Flight has always fascinated human minds, but until a century ago it remained a dream—the exclusive domain of birds, gods, and mythological heroes. From the myths of the ancients to the poetry of Pindar and Yeats, Winged Words traces the imprint of the human impulse to fly from premodern times to the age of terrorism in both literature and history.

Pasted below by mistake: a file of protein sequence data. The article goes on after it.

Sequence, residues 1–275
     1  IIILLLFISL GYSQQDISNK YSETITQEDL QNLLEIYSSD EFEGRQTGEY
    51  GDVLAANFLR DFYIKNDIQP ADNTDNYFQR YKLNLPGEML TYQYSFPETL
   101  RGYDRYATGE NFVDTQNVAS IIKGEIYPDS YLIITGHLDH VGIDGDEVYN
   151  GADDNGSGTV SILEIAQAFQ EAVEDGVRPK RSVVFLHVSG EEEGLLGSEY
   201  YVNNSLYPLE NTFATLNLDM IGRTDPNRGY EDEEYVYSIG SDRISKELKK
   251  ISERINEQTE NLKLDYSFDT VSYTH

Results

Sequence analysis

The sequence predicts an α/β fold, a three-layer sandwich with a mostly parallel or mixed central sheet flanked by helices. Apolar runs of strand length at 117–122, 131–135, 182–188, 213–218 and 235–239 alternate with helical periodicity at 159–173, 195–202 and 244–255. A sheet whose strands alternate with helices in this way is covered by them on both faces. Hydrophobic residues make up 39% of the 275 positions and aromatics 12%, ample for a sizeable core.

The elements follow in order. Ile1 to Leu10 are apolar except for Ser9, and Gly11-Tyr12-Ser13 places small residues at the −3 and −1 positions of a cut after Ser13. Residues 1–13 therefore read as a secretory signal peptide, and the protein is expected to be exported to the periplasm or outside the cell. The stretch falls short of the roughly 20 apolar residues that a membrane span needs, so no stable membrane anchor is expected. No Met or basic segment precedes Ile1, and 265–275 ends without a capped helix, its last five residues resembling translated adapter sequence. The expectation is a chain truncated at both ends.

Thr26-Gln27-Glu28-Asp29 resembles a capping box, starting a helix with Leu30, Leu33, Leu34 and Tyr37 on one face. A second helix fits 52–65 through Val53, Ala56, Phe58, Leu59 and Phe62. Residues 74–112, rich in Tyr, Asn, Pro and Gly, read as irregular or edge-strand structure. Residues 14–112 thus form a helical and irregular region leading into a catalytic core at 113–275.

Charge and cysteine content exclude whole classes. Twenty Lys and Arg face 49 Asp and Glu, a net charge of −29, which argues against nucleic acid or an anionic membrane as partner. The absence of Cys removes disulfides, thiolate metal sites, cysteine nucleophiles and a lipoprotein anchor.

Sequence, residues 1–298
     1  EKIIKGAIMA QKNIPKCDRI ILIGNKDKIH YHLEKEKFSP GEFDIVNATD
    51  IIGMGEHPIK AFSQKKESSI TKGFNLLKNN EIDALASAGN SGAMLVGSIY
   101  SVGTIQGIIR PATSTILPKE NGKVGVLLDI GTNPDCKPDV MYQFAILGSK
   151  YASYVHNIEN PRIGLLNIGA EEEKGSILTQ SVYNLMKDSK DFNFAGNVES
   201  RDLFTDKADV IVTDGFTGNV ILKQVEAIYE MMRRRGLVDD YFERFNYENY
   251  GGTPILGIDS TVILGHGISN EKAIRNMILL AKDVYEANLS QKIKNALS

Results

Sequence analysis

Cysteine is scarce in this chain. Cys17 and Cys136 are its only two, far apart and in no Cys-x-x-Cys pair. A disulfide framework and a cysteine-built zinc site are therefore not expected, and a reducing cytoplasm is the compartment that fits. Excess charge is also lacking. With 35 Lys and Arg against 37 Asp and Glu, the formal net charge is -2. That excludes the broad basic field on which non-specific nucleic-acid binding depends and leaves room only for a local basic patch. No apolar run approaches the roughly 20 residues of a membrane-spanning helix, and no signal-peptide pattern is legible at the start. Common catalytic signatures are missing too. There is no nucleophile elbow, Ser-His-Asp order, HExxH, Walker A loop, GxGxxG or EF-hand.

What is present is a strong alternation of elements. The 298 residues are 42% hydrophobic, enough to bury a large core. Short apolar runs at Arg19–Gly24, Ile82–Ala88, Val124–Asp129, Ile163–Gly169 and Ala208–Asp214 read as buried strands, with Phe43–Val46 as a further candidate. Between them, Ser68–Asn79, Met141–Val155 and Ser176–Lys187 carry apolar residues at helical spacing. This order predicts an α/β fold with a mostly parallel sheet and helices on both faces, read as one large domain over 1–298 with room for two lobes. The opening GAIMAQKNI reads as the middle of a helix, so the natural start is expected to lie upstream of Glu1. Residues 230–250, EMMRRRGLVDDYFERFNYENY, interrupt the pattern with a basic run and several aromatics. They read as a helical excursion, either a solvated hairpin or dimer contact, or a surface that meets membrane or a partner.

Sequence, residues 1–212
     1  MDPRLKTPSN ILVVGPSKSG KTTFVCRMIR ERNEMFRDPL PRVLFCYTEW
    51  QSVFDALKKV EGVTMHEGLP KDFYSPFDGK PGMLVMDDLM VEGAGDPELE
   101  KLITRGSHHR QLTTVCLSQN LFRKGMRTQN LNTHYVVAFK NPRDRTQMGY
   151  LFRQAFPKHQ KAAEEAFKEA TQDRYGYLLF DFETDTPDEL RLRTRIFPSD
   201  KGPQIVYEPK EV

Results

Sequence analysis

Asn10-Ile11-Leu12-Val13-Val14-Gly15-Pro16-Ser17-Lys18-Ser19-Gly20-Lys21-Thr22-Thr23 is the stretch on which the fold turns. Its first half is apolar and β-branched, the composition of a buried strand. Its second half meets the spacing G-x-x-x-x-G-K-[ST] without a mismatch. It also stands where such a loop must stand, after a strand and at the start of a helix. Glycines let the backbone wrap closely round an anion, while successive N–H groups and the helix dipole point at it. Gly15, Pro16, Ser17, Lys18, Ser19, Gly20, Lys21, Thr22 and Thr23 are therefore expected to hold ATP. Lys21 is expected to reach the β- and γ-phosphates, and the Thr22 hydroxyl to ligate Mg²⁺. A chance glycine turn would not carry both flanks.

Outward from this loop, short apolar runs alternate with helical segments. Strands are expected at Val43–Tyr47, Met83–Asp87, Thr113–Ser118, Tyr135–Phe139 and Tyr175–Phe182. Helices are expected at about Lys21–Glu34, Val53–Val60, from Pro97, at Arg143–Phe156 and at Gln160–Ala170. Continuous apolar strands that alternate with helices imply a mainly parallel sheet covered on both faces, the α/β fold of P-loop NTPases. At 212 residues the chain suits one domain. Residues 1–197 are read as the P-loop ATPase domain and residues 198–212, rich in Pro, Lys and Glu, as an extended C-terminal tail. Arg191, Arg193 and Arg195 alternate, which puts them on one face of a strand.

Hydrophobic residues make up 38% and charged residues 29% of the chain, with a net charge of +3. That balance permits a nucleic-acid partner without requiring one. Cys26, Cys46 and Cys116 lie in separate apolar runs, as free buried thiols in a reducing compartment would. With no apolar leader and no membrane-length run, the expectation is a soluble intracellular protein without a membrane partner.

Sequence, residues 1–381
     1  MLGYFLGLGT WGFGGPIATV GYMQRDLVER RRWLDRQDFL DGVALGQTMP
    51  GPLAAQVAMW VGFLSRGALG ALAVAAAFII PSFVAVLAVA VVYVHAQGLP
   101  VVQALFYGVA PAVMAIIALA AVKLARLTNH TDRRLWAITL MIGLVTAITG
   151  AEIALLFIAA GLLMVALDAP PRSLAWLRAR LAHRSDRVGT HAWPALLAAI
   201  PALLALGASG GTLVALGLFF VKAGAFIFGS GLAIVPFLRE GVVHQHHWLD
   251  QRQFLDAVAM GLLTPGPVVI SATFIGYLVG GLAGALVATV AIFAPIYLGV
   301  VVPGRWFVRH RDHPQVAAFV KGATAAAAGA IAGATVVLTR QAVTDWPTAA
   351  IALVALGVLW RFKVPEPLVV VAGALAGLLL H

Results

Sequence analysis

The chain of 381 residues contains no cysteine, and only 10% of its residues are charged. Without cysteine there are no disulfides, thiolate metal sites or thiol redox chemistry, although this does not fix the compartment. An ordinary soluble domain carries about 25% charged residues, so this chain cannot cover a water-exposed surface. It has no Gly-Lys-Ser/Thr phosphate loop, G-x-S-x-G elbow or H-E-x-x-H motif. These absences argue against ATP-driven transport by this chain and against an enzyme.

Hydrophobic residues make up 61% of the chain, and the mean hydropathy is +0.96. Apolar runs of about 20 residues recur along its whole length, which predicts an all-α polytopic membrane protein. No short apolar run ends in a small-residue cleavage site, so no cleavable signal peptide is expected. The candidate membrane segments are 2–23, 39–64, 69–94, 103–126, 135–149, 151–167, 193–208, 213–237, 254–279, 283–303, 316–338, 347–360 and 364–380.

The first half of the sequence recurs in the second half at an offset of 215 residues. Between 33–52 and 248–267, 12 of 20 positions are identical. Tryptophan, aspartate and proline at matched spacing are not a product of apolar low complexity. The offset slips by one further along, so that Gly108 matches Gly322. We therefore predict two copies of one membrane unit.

Piero Boitani begins his analysis with an account of the way the myths of Pegasus and Icarus have persisted from classical to twentieth-century politics and literature. He then takes up the figure of Hermes; the roles of halcyons and eagles in classical, biblical, and later literatures; and literary response to Pieter Brueghel’s The Fall of Icarus. Honing in on modern figures and concerns, Boitani also offers a fascinating discussion of author-pilot Antoine de Saint-Exupéry and concludes with a meditation on the flight of the hijacked airliners on 9/11. Throughout, Winged Word brings a remarkable range of men of action, politicians, theologians, writers, and artists into dialogue with each other: Shakespeare with T. S. Eliot, Horace with Ovid, Leonardo with Milton, Leopardi with Mallarmé, Saint-Exupéry with Faulkner and Rilke, and the Ulysses of Homer with the Ulysses of Dante. Ultimately, by showing how writers and fliers have looked to the ancients for inspiration, Boitani testifies to the modern relevance of poetry and the classics.